We’re only in March of Donald Trump’s first term, but it feels like Election Day was long ago. Much has transpired since voters chose Trump to be the 45th President of the United States — and that’s understating things quite a bit.
Since he won, there have been protests, riots, #NotMyPresident tweetstorms, SNL episodes, allegations of fake news, and couch-sitting controversies. This type of hysteria is to be expected after such a contentious election cycle wherein a former reality star emerged as the victor. And the ultimate sting? That romanticized glass ceiling remains unbroken.
But electorate: Let’s step back for a minute, shall we?
As previously mentioned, it’s only March of Trump’s first year in office. We haven’t even passed the eight-week mark yet. We still have a long way to go, and we cannot fall into a frenzy every single news cycle. This admonition isn’t reserved for one particular side; it applies to both. We should be spending our energy focusing on the issues and moments that actually matter, instead of pouring fuel on superficial fires, no matter where they happen to originate.
At the end of February, this tweet and accompanying photo went viral:
The AFP knew what it was doing. They had no real interest in the president meeting with black university leaders. Instead, they chose to mock how Kellyanne Conway sat on a couch in the Oval Office. Yes, it was an odd sitting position. No, it wasn’t graceful. Do I think she meant it disrespectfully? Absolutely not. Unfortunately, it was made into something when it was really nothing.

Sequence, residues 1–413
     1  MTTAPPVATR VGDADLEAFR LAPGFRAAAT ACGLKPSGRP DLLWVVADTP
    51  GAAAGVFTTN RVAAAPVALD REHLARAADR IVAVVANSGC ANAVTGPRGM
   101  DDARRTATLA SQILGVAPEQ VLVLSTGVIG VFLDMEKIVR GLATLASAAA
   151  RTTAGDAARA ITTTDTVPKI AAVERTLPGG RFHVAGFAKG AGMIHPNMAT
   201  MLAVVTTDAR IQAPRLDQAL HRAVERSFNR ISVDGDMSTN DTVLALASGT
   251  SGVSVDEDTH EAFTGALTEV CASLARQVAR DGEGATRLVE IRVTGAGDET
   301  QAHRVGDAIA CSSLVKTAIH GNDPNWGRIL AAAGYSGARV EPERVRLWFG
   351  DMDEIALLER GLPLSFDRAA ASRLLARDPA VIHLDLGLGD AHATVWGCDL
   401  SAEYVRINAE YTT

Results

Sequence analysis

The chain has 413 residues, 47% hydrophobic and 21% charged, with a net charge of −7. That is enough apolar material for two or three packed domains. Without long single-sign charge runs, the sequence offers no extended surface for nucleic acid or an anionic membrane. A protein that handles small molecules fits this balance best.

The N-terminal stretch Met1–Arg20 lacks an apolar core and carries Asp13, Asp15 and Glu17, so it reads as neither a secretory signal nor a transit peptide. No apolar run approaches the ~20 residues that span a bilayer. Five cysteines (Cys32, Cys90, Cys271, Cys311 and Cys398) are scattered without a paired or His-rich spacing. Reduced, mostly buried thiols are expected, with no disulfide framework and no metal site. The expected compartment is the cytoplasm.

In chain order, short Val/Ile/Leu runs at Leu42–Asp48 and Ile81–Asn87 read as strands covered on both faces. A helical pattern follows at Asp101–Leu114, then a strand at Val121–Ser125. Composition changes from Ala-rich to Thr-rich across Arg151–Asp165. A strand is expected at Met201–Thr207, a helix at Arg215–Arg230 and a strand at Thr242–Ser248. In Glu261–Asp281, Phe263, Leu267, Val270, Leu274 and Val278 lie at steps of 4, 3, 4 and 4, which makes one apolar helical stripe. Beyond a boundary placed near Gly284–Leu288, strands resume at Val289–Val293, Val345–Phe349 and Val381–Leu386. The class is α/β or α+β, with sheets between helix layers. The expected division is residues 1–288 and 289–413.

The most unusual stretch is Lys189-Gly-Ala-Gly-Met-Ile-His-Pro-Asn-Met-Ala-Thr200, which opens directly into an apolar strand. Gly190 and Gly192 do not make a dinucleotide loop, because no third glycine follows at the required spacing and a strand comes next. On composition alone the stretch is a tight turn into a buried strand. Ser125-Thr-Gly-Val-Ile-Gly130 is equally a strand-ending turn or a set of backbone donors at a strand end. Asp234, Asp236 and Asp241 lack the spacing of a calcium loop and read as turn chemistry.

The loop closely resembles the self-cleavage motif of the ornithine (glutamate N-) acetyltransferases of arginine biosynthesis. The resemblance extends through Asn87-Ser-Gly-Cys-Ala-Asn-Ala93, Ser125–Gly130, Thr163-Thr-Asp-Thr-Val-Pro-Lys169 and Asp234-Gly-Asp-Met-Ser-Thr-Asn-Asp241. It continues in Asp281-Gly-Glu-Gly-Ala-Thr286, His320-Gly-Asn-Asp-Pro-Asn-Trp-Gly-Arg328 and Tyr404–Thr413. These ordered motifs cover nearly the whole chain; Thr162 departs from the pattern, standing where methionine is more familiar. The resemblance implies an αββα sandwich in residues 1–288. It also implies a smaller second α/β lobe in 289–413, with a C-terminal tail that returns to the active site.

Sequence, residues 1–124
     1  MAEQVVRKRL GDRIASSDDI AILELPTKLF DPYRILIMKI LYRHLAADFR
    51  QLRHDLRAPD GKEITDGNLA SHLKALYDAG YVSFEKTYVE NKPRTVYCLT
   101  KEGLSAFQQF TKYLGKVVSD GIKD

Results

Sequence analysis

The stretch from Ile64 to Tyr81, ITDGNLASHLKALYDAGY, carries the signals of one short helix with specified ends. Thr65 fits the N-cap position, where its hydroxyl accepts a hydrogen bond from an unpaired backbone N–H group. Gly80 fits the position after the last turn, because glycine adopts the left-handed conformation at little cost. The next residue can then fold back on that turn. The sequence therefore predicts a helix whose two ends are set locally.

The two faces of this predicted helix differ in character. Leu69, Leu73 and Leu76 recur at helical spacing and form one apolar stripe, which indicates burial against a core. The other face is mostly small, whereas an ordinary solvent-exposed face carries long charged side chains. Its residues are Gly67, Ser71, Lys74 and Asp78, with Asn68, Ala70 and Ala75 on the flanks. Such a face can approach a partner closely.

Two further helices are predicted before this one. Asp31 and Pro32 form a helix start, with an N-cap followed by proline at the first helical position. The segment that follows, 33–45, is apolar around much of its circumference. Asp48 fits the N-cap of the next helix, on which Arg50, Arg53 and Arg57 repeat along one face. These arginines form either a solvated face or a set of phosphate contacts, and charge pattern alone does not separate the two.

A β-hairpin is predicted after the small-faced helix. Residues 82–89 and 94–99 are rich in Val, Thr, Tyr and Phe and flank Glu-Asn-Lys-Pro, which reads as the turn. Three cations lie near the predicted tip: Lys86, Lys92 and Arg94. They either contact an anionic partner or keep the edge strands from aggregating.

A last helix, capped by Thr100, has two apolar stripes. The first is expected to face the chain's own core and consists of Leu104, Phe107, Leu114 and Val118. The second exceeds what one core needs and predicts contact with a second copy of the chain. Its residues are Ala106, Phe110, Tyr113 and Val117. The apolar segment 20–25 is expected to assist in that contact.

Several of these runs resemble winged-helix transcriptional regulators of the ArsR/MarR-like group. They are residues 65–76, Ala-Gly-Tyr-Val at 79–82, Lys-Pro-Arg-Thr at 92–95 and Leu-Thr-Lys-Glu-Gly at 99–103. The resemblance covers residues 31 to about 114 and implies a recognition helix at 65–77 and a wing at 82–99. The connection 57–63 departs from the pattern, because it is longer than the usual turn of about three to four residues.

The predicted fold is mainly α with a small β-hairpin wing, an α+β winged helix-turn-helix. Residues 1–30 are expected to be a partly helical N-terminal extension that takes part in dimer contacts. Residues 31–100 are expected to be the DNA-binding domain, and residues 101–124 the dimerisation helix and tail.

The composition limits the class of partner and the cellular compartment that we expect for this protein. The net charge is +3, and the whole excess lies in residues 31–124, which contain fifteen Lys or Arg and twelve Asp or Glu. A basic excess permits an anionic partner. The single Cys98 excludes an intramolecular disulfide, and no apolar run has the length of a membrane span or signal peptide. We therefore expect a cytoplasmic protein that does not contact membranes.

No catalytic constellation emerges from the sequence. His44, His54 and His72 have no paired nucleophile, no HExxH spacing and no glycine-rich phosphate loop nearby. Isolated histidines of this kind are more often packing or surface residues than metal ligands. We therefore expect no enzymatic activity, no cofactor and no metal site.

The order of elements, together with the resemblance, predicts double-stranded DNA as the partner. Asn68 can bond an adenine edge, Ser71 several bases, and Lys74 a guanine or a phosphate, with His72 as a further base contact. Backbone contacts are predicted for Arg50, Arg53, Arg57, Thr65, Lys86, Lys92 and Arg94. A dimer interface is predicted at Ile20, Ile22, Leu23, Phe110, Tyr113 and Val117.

These non-events are what the media, already dead set against the new administration, will latch onto, in an attempt to discredit the president and those who answer to him. But they just don’t matter.
The president isn’t helping much either. I’ve long thought Donald Trump’s Twitter persona is over the top. As a candidate, his tweets were often cringe-worthy. Unsurprisingly, not much has changed. He is still in it for the ratings and often focuses on how he is portrayed in things as insignificant as the latest “Saturday Night Live” sketch. This distracts from the real issues, which are many, and detracts from the decorum that presidents should have.
This two-part environment has made up much of the Trump presidency thus far, and it is already quite exhausting. Worse than that, it’s almost completely lacking in substance. Both the press and the president should cast aside the temptation to engage in this behavior. But since much of the electorate is squarely in either one camp or the other, both will continue fanning the flames and engaging their supporters.
Not everything is a crisis. Not everything this administration does is worth addressing in an op-ed. Pop culture will take plenty of shots at you, President Trump, but these are hardly worth the acknowledgement.
If everything is worthy of outrage during the next eight years, then nothing will be.